I believe that a responsible government should be in the business of promoting equality at the expense of some liberties, especially economic ones. It's not healthy for our economy and the graphs and statistics I've used have shown this. I'm willing to give up economic liberty for economic equality, and yes, this benefits me since I'm not likely to be making any crazy economic risks with my no job and no income. But since I've never said the people should be free to do whatever they want, I'm perfectly justifiable and not hypocritical in making this argument.

And guess what? This whole post boils down to a word dirtier in America than the worst swear words combined (I should really create such a word): socialism. The dumbass Tea Partiers hang this word around President Obama's neck like a noose when socialist policies that seek to reduce income inequality in sensible ways would be in their own interest. Like I said earlier, equality taken to the extreme is Communism and while I don't think total Communism has been tried as each form has corrupted the basic ideas of the system, Communism would obviously never work here. But socialist policies do work here and they have in the past. It's unfortunate that the word is seen with such disdain here in the States.

If these Tea Baggers.. damnit, I did it again.. Tea Partiers were led completely by ideology, that's fine. But the sad thing is that these people have gotten suckered into believing that choosing liberty over equality would somehow benefit them. Choosing liberty over equality hurts the average American and only benefits corporate puppet-masters of the Tea Party that exist behind the curtain which features a picture of an elephant ridden by a very white Jesus holding a rifle and a beer.

So back to that person's comment and the beginning of my post. I do get to have it both ways: our government should regulate business to promote equality and our government should stay the fuck out of social issues unless equality is threatened. Wa-BAM, bitches! Simple ideological compass. Sensible policies that promote equality create a healthy middle class and having a robust middle class with the power to continue to support themselves is the only way out of the mess we're in. Once again, it all comes down to choice in November: on one hand, we've got a bunch of morons running around in silly hats brandishing signs that make me embarrassed to have come from the country that educated these people. They tout a bastardized version of liberty. On the other hand, we've got a party who tends to fuck up with governance which has resulted in widespread disappointment. It's led by a President who I truly think gets it and understands that equality and a healthy middle class is the only way out of this. His efforts have just been stymied by these fake liberty loving assholes. I think it's pretty obvious where my vote is going and where yours should go, too. Unless, of course, you're one of the 400 people out of 307 million who have benefitted from dysfunctional economic liberties.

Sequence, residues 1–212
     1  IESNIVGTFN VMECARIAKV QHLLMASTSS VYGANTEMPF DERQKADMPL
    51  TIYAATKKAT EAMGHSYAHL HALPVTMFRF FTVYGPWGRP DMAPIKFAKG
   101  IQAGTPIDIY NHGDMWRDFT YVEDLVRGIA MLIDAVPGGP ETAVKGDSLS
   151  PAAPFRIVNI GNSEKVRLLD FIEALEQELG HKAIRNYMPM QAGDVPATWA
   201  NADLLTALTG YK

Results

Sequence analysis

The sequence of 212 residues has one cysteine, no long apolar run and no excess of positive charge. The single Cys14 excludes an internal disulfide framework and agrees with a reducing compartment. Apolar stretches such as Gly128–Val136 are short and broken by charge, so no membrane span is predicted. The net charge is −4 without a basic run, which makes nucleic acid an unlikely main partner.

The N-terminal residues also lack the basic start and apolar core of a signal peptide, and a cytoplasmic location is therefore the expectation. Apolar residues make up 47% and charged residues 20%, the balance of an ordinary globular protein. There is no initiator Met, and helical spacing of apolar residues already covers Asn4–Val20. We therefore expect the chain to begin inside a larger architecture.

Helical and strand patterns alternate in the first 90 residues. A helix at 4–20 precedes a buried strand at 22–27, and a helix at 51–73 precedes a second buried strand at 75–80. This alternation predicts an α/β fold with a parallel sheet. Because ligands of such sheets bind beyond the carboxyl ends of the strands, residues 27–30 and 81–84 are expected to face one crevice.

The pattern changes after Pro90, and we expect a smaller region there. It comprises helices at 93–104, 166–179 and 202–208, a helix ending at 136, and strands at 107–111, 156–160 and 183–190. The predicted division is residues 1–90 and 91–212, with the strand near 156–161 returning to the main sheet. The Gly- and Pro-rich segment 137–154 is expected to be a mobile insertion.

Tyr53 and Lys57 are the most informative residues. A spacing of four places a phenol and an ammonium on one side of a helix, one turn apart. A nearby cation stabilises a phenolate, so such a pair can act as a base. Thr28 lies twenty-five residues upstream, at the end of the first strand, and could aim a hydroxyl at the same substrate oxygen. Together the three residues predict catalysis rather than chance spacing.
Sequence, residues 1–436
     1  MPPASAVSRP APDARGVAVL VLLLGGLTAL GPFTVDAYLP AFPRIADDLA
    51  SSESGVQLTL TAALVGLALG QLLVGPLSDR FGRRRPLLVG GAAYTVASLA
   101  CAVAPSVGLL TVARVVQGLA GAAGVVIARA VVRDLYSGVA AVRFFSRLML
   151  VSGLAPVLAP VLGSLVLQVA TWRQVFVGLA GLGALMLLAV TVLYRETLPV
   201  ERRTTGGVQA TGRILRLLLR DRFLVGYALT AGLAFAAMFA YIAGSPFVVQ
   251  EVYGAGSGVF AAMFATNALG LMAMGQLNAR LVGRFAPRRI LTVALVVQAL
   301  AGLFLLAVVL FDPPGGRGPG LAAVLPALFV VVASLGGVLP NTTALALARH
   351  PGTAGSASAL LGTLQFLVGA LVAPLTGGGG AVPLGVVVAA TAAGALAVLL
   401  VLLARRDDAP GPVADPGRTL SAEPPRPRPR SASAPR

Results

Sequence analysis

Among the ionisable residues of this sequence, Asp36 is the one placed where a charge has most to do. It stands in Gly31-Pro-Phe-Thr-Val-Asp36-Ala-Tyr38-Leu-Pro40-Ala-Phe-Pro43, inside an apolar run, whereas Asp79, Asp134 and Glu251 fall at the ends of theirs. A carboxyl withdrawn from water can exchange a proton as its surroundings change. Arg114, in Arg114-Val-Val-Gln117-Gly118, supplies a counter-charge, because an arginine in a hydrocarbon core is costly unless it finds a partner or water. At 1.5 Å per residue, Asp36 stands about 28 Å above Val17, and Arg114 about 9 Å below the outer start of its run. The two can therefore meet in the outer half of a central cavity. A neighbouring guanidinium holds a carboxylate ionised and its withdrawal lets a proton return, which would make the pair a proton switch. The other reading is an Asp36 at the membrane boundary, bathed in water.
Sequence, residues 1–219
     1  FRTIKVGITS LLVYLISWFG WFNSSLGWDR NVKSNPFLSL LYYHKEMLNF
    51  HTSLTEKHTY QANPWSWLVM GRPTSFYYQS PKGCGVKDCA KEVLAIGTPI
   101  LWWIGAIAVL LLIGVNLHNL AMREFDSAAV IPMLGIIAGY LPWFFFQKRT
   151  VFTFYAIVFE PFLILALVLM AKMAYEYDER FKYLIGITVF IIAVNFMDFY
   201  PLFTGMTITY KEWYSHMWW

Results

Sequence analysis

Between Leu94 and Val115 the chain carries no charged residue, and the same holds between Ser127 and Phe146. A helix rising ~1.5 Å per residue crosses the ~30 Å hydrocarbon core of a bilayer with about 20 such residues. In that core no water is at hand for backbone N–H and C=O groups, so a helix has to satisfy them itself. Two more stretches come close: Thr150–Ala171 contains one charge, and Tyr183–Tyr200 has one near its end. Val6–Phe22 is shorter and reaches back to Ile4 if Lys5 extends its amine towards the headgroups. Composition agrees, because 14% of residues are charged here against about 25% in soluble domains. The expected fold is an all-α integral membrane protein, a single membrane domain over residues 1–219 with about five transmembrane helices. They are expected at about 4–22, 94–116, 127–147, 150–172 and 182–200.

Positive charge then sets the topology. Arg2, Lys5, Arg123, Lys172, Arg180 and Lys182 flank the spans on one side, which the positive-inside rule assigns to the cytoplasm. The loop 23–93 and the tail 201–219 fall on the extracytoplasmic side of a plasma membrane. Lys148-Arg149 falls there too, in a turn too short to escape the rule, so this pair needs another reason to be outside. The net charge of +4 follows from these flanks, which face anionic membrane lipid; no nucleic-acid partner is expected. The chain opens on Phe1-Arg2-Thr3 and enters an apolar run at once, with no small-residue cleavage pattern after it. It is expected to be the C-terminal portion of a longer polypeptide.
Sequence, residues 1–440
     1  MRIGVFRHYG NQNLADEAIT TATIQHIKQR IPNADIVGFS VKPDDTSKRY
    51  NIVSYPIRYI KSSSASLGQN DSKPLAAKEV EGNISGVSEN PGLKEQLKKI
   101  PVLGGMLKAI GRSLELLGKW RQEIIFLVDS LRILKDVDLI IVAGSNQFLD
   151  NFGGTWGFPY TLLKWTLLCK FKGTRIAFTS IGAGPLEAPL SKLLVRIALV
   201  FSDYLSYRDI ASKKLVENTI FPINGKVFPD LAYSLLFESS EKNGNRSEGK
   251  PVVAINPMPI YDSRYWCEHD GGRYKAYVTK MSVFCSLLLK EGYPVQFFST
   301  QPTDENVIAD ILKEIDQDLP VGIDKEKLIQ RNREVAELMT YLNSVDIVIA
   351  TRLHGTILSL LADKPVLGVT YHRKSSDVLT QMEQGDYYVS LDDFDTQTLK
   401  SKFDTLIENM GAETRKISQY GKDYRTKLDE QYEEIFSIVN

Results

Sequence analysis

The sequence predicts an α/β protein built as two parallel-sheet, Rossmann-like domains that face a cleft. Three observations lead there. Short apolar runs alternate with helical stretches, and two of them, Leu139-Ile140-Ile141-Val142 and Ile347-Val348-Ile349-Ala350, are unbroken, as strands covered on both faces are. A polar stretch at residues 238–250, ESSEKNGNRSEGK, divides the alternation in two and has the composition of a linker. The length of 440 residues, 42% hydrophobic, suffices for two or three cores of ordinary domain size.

1. Ed, I was surprised to find an article in response to my comments and I thank you for some insight into your thought process. However, I would like to clear up a few things and I apologize for responding to this article almost 4 months after it was posted. My question to you was actually asking: if the government shouldn’t regulate marriage (gay or hetero) should they regulate the economy? When you first brought my question up in this article you misstated it but you then corrected yourself and certainly explained why you think government should not regulate social issues but should regulate economic ones. To be clear, I fully support the right for gays to marry. They can do what they want and call it what they want. Again, marriage is a religious function and the only reason the government got involved with it in the first place was for “health reasons.” This fact alone makes the act of government involving itself with marriage unconstitutional since it violates the religious aspect of our First Amendment.

    If you look to the Bill of Rights, which is a part of our Constitution and you cite in your article as a “document soaked in liberty,” you can peruse the profound words as much as you want but you will not find the word marriage anywhere. Likewise, you will not find the word economy or a clause designating that Congress regulates it in the Constitution, Bill of Rights or any of the Amendments. Now if I haven’t convinced you that the economy is not under the jurisdiction of the government by this simple fact I will make my argument in more detail. I find it interesting that you use the Constitution to help you argument of gay marriage but refuse to look at the very same text to derive your position on economic issues. You are correct that the Constitution is a bill that tells the government what it cannot do. The Constitution was created to protect our rights and liberties not trample on them or arbitrarily create new ones. Man does not create rights. Rights are “endowed by our Creator.” The Constitution was NOT intended to leave “wiggle room” for politicians to pick and choose what they think is right. The only lawful way the Constitution can be altered to change a current clause/meaning is through the amendment process.